Dental horrors abound in literature, artwork, and dental museum exhibits. Throughout most of the world’s history, dentistry, like childbirth, has been associated with intense pain. Yet in our modern era of preventive maintenance, restoration, and local anesthesia, the prevalence of dental anxiety remains persistently high. This widespread dental angst has created a ripe market for profitable sedation dentistry.
Henry Gustav Molaison (1926-2008) was perhaps the best-known and most studied patient in the history of neuroscience. Henry became the subject of a scientific article which would become one of the most cited articles in the history of medical literature.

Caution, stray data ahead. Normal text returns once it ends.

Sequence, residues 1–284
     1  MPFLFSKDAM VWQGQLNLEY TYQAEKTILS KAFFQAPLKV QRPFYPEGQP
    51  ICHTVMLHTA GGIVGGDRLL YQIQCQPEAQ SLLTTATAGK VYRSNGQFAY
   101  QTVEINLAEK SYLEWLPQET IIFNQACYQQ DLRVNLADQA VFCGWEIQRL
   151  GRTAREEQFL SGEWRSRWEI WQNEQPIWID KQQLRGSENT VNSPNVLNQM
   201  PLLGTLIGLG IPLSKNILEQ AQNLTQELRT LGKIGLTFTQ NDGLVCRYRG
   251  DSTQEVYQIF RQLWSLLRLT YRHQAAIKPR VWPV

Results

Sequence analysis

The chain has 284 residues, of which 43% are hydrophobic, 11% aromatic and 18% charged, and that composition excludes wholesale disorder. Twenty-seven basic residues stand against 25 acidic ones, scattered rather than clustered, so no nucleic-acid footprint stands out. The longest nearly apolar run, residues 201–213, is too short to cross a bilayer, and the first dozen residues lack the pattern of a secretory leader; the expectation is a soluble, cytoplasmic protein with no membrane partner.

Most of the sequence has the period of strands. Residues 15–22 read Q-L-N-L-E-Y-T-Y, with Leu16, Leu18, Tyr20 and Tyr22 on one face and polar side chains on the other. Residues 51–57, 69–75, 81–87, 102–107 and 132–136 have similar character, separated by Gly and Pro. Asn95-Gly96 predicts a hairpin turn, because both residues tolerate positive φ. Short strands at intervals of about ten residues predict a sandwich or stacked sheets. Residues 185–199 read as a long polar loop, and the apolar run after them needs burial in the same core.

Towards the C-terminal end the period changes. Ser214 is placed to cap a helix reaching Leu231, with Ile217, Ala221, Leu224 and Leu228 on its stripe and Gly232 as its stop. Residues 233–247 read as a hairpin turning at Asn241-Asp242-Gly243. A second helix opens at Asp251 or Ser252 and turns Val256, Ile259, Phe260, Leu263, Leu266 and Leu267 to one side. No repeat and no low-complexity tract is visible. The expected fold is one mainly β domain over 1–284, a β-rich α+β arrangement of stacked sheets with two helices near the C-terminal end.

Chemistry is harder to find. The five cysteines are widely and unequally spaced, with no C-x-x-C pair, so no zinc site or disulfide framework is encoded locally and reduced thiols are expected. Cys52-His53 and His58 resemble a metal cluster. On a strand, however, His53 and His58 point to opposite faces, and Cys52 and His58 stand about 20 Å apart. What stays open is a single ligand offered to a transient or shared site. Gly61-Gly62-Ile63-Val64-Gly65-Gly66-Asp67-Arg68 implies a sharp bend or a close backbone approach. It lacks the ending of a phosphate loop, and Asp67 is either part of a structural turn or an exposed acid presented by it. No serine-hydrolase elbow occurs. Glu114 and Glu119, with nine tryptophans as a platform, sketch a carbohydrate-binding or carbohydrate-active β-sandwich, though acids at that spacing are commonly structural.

Six years ago, while researching the life of an American psychiatrist who studied the top Nazi leaders during their imprisonment and trial in Nuremberg, I came across a small box among the physician’s possessions. The box held a set of glass photographic transparencies, with each slide showing a cross-section of a brain. Labels on the slides identified the brain’s former owner as Robert Ley.
The history of medical students using human cadavers for dissection is a long and choppy one (no pun intended). Before Christianity, mutilation and use of human corpses was widespread. It is common knowledge that ancient Egyptians mummified their dead, dissecting and preserving specific organs. After Christianity became a widespread influence, however, the practice of dissecting human cadavers to study was considered taboo.
- The Broken Mirror
- Surprising Role of Prions in Neurodegenerative Diseases